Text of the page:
By pulling out $100 once a week instead of spreading out over 5 transactions, he would have saved more than $10 per week. That’s over $500 annually! (He stopped doing this shortly after I told him about getting cash back with an ATM card. He now has a fierce chewing gum habit. 😉 ).
Join a bank that doesn’t assess ATM fees. In today’s banking world, banks that don’t ever charge ATM fees are rare… but they do exist.
There are even some banks, such as USAA, that not only doesn’t charge ATM fees when you use another bank’s ATM, they also reimburse you the fees the other bank charges you to make the transaction (up to 10 withdrawals per month, and $15 from other banks). You can learn more about opening an account through USAA on their secure site.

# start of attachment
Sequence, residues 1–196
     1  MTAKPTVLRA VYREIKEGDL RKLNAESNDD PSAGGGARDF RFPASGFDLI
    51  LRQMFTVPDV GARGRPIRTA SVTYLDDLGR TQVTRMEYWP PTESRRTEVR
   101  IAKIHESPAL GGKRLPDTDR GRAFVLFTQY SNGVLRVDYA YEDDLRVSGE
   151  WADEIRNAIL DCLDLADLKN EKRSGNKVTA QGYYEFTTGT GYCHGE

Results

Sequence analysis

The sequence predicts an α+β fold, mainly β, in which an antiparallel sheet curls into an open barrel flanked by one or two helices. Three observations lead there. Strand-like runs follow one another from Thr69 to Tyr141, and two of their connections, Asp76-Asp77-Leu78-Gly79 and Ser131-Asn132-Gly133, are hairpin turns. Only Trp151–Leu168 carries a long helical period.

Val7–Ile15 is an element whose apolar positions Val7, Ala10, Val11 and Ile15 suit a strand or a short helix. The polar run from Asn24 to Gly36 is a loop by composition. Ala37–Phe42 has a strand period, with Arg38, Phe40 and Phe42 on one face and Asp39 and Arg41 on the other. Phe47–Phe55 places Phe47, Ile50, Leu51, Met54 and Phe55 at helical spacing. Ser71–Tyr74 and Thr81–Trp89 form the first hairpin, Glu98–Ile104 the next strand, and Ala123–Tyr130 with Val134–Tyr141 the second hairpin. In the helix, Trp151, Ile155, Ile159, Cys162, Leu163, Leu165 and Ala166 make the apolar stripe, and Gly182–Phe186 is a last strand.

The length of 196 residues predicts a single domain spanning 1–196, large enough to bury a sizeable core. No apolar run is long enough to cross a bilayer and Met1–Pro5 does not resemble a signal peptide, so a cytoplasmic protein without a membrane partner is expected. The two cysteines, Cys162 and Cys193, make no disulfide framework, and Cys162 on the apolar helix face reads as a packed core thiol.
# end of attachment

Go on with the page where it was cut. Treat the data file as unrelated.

I rarely go to an ATM anyway, and I have never come close to the max. I haven’t paid an ATM fee in several years.
Don’t pay with cash. I use credit cards for almost every purchase I make. I do this for several reasons, mostly because I use cash back credit cards, it makes tracking expenditures easy with software such as Quicken, and for other benefits of using credit cards, like free extended warranties and fraud protection. In addition to using credit cards, you can pay with a check or your debit card instead of using cash.
It’s your money. Sure, $3 or $4 in fees isn’t a lot, but it can add up quickly (as shown above!). It’s your money. You should keep as much as possible.
Ways to Avoid Debit Card Fees
It’s hard to believe, but there are still some banks that charge customers debit card fees when they use their PIN to make a transaction. The first step to avoiding debit card fees is to change banks to one that doesn’t charge fees.